In plenary addresses at the 40th anniversary gathering of Baptist Women in Ministry, two ordained Baptist women of color urged the organization to expand its horizons beyond the predominantly white constituency it traditionally has served.
Carolyn Gordon, associate professor of mass communication at Mississippi Valley State College, commended BWIM for changing its name from Southern Baptist Women in Ministry to signify its desire to serve a broader Baptist constituency. However, in her Oct. 3 address at Broadway Baptist Church in Louisville, Ky., she said the organization needs to do more to expand inclusion.
“I know you changed (the name) because you said you want to be inclusive of all Baptists, but now that you have, understand that it is not just your name,” said Gordon, who also serves as associate pastor of Mt. Gaza Missionary Baptist Church in Stringtown, Miss. “It should also be your vision.”
The struggles of Black women and white women who are serving in ministry are both the same and different, she said. “We all got scars, but they heal. They testify to what we have survived.”
“They may not see it as possible for them to be called by God to be ministers.”
Alicia Sedaca Zorzoli, a retired editor who worked at the Baptist Spanish Publishing House in El Paso, Texas, and a one-time seminary professor in Argentina, said BWIM could help identify potential women ministers of Latina descent. “They may not see it as possible for them to be called by God to be ministers,” she noted.
Latinas who are sensing a call to ministry need help to “consider it is a real thing coming from the Omnipotent,” Zorzoli said. “They have a concrete ceiling to break. It’s not a glass ceiling for them. Why? Because being a woman they have to break also with their culture, most of the time with their families.”
During their addresses, Gordon and Zorzoli, spoke about their pilgrimages to ordained ministry.
“I was raised in a church that not only did not believe in women preachers, but advocated otherwise,” Gordon said. “In fact, my pastor, whom I love dearly, who was my mentor, who was my friend, taught us that women were called to be missionaries and not called to be preachers.”
However, she said when a congregation in Texas called her as an associate pastor and sought to ordain her, her home church in Kansas City, Mo., accepted an invitation to participate in her ordination service.
Zorzoli, who sensed a call to ministry at 12, said Baptists in Argentina did not oppose her serving as a preaching professor in a Baptist seminary and a preacher in congregations. When she moved to the United States 36 years ago, the situation was much different. She found fewer preaching opportunities and encountered pay discrimination in the workplace.
“I was told women don’t preach. Women give devotionals.”
“I was told women don’t preach,” she said. “Women give devotionals.” That reality has not changed across the years, she added. “So up to now, besides my home church, in my 36 years in Texas, I am often invited to speak at churches, mostly Hispanic women’s events, but never invited to preach.”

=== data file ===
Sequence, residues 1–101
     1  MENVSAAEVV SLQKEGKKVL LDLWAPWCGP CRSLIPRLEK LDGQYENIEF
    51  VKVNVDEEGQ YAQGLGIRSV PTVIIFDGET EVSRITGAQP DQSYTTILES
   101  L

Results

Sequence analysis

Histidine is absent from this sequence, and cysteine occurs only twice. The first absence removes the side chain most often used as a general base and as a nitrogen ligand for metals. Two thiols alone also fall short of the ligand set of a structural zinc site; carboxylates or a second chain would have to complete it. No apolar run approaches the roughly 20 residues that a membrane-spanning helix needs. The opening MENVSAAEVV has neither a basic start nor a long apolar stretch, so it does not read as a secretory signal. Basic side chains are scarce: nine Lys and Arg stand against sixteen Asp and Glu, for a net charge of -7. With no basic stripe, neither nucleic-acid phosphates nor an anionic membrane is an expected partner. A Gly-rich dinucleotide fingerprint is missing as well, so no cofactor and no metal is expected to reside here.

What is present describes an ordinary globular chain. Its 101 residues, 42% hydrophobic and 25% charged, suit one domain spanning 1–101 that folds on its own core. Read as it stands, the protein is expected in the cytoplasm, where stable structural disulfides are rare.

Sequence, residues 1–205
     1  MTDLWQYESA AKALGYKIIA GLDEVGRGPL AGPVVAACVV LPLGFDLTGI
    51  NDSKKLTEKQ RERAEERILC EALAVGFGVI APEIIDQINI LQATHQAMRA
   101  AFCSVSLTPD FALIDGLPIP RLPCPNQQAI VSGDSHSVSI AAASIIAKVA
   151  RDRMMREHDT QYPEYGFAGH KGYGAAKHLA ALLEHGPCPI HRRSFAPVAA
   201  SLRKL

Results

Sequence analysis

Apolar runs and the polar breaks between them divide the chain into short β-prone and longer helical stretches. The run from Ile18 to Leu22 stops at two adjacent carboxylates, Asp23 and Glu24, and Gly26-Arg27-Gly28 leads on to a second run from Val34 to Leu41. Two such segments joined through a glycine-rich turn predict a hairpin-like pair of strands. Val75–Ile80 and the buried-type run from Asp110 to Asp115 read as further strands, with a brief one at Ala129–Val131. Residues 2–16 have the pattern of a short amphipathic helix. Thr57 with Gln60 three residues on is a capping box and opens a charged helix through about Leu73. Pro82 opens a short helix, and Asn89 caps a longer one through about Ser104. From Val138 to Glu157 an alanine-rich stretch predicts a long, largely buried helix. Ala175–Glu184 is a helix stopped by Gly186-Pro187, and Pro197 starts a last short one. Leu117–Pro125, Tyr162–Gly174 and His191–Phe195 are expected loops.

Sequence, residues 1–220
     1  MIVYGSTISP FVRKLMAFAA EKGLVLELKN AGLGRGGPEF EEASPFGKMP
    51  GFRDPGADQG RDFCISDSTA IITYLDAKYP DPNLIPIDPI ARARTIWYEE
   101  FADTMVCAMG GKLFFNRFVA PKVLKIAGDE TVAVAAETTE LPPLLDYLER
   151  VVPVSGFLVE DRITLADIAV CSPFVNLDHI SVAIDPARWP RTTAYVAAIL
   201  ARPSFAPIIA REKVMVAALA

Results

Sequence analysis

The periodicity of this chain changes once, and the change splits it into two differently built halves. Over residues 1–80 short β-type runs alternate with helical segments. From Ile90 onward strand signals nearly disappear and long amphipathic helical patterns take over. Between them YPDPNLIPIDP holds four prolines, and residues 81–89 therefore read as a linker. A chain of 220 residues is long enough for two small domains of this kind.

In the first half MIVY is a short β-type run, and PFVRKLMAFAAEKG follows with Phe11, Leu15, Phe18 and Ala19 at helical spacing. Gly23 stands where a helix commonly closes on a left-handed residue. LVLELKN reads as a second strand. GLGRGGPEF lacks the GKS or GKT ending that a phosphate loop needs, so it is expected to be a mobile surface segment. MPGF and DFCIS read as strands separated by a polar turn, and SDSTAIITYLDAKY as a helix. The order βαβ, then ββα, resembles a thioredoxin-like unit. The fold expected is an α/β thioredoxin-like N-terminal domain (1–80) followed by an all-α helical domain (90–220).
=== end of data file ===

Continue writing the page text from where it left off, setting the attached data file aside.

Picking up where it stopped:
Recognizing her gifts, her Texas congregation approached her about her ordination. “I didn’t ask for it, but they did it,” Zorzoli said.
While challenges remain formidable, both Gordon and Zorzoli pointed to encouraging signs for female ministers in their church traditions and beyond.
In 2019, Gordon was the first woman invited to speak at the Sunday School Publishing Board Conference of the National Baptist Convention, USA. Gordon said she has been on the program every year since, and this year the conference will include three female speakers.
In addition, she said the Lott Carey Foreign Mission Convention, which was founded by African American Baptists in 1890, is now led by its first female president, Gina Stewart, and a major black Baptist denomination is served by a female second vice president, Jacqueline Thompson. Thompson, senior pastor of Allen Temple Baptist Church in Oakland, Calif., in 2022 became the first woman elected to a key leadership role in the Progressive National Baptist Convention.
Zorzoli said her involvement in the Baptist World Alliance has enabled her to see women excelling in ministry around the globe as pastors and seminary professors. Despite difficult moments, she said her ministry has been rewarding. “Because those sad things can be sweetened with so many sweet things, and that’s how God works among us.”
She expressed hope that opportunities for women who are called to ministry will grow.
“The God in my Bible keeps calling and providing opportunities for his daughters to be all he planned them to be,” Zorzoli explained. “And this includes pastor, preacher, seminary professor, missionary, chaplains, any other ministries he chooses to call them to serve. I just love the God in my Bible.”
At the conclusion of her address, Gordon emphasized to the BWIM gathering that all Baptist female ministers, despite diverse backgrounds, share a common story. “And I challenge you now that you have recorded your stories, you have told your stories, that you go forth getting and collecting the other stories, which are still your stories, and understand that Baptist women in ministry are all of us. We are Baptist women in ministry.”